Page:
ANTHONY M. JONES, being first duly sworn, deposes and says:

1. I hold a B.S. degree in economics from Idaho State University and an M.A. degree in
economics, from the University of Washington
.

2. As detailed in my curriculum vitae attached hereto as Exhibit A, I have substantial
experience and expertise in the field of energy project economics
.

3. Currently, I am the Principal of Rocky Mountain Econometrics, a consulting energy
economics firm in Boise
, Idaho.

4. I was retained by SBar Ranch, LLC and The District at ParkCenter, LLC to evaluate
Cat Creek Energy LLC
s claims of proprietary and trade secret information in its June 16, 2020,
Motion for Protective Order and associated Declarations in this proceeding. In connection with
my work
, in addition to reviewing the Motion for Protective Order and associated Declarations, I
also have reviewed Cat Creeks Applications for Water Right Permit Nos. 6334403, 6334652,
63
34897 and 6334900, Idaho Code 42203A(5)(d), Idaho Water Appropriation Rule 40.05(f)
and Shokal v. Dunn, 109 Idaho 330, 707 P.2d 441 (1985), as well as other publicly available
information and pertinent materials available to me
.

5. I reached the opinions presented here by applying accepted methodology in the field
of energy economics
. The opinions expressed here are my own and are based on the data and
facts available to me at the time of writing
. I hold the opinions set forth here to a reasonable
degree of economic science certainty
.

6. The Cat Creek project will be located geographically in Idaho Power Company’s
(
IPC) territory and will connect to the Western Grid. When generating, it will produce roughly
25% as much power as does IPC total
. It will produce more power than Brownlee Dam, IPC’s
largest hydro project and nearly as much as IPC’s largest coal plant, Jim Bridger
.

7. When pumping water back to its reservoir, the Cat Creek project will consume even
more power
than it generates, comprising approximately 25% of IPC’s total firm load, roughly
equivalent to the load of the Treasure Valley
, on top of IPC’s existing firm load.

8. The Pacific Northwest, where Cat Creeks project will be located, has the most
intensively developed hydroelectric energy industry in the United States, perhaps the world. The
major players
, Bonneville Power Administration, Avista, IPC, and Pacificorp, all have hydro
projects that also provide energy storage that can be used for load shaping and energy
storage
. They all have programs in place to provide, both for themselves and for independent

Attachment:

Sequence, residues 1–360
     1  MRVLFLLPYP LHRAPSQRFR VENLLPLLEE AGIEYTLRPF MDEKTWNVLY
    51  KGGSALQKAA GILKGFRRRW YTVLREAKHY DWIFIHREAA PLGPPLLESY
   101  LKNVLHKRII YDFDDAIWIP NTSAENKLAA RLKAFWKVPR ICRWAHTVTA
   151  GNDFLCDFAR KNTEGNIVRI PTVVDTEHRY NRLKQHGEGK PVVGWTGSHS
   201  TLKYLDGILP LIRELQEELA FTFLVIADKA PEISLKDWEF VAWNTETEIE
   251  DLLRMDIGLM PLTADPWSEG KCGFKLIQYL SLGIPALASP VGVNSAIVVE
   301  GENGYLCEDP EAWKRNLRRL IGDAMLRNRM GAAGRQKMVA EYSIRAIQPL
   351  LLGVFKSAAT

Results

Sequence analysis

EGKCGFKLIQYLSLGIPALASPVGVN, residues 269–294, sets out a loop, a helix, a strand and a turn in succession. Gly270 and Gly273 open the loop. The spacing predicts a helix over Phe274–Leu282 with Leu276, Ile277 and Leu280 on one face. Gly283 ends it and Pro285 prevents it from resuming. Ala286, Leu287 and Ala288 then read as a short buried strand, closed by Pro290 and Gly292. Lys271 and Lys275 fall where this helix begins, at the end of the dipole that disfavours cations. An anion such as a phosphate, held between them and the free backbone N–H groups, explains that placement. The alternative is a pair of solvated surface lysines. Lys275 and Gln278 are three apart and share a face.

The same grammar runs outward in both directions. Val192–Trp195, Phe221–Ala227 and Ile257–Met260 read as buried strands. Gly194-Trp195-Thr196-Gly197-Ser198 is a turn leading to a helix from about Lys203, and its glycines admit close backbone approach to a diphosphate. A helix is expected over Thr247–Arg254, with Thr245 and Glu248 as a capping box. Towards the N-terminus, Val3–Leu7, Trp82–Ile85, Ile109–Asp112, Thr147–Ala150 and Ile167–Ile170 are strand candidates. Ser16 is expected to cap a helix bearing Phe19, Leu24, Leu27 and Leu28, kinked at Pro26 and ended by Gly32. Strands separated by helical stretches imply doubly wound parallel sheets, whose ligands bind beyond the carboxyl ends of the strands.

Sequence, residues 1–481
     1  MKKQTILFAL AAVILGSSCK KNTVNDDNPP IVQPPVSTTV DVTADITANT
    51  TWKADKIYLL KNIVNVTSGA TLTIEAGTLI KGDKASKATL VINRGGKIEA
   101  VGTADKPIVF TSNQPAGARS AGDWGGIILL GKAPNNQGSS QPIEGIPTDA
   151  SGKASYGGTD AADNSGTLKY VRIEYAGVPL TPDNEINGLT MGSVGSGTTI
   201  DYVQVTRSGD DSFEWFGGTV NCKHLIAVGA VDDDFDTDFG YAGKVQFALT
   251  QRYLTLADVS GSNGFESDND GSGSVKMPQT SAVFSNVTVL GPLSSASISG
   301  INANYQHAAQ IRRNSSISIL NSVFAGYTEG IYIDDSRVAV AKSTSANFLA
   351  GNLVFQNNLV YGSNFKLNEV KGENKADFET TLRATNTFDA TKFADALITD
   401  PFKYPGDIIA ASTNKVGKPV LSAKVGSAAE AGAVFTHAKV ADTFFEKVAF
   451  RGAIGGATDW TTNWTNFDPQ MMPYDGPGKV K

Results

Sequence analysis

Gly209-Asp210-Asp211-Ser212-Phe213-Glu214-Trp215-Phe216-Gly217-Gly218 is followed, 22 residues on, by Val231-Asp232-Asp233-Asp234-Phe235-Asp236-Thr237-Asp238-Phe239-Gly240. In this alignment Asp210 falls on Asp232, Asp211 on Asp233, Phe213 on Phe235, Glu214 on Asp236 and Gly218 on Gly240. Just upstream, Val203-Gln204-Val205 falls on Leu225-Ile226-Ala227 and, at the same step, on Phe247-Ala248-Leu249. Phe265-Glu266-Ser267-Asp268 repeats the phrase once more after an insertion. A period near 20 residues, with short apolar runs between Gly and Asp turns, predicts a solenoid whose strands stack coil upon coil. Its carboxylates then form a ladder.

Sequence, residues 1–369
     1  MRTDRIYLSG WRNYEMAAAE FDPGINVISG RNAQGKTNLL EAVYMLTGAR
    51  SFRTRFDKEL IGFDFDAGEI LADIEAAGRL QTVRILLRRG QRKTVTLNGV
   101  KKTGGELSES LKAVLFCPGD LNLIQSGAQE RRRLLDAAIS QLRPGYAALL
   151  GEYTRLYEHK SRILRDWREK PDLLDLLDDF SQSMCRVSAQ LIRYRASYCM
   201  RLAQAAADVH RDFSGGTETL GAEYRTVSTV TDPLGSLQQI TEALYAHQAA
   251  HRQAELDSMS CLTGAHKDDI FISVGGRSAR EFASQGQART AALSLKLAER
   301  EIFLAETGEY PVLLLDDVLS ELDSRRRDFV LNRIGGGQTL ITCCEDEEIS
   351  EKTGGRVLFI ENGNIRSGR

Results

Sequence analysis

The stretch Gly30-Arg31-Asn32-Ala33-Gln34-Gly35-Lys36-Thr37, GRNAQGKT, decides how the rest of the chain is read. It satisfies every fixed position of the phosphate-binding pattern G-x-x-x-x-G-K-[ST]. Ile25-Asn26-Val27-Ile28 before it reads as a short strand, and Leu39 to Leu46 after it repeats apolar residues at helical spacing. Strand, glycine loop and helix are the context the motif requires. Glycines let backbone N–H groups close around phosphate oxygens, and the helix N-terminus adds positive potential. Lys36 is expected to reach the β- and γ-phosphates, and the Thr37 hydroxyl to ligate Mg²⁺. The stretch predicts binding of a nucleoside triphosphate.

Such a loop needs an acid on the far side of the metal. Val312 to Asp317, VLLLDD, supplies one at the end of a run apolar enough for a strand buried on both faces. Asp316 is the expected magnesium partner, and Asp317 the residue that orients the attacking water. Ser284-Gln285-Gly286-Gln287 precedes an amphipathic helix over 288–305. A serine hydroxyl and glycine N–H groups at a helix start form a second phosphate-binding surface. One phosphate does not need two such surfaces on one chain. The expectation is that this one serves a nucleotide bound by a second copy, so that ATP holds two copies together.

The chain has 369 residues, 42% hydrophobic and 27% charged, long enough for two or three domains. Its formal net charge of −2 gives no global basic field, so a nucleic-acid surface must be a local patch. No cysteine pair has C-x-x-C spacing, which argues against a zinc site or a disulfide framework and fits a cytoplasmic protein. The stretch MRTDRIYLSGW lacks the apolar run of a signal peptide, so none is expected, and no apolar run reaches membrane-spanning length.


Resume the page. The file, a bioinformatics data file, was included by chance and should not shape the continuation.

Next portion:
power providers, the exact same service CCE is proposing
.

9. Pumped storage is reviewed on page 54 of IPCs most recent 2019 Amended
Integrated Resource
Plan (“IRP”). In the IRP, IPC gives pumped storage an economic thumbs
down
, noting, Historically, the differential between peak and offpeak energy prices in the
Pacific Northwest has
not been sufficient enough to make pumped storage an economically
viable resource
.” (Page 54 of IPCs most recent IRP is attached hereto as Exhibit B.) In the IRP,
IPC puts the levelized cost of pumped storage at around $175 /MWh
. That cost compares
unfavorably with open market prices averaging less than $30/MWh and load shaping service
from the major players for less
than $50/MWh.

10. Given that the process of storing energy via the pump storage process has been
developed and well understood for decades; that the necessary pump
turbines, control
mechanisms,
etc. are commercially available from multiple vendors offering nearly identical
performance criteria; that at least 24 other pump
storage projects, many of similar sizes and
configurations
, all connected to the same Western Grid, all dedicated to serving the same daily
mismatches in the supply and demand curves, are currently working their way through the
application process; that competition for and supply of investment funding is universal and
seemingly instantly balancing
, nothing presented suggests that CCEs solution to energy storage
is
an improvement on the same process studied and shelved by the regions major utilities or
superior
to the other projects being promoted in other areas. One would expect that a dramatic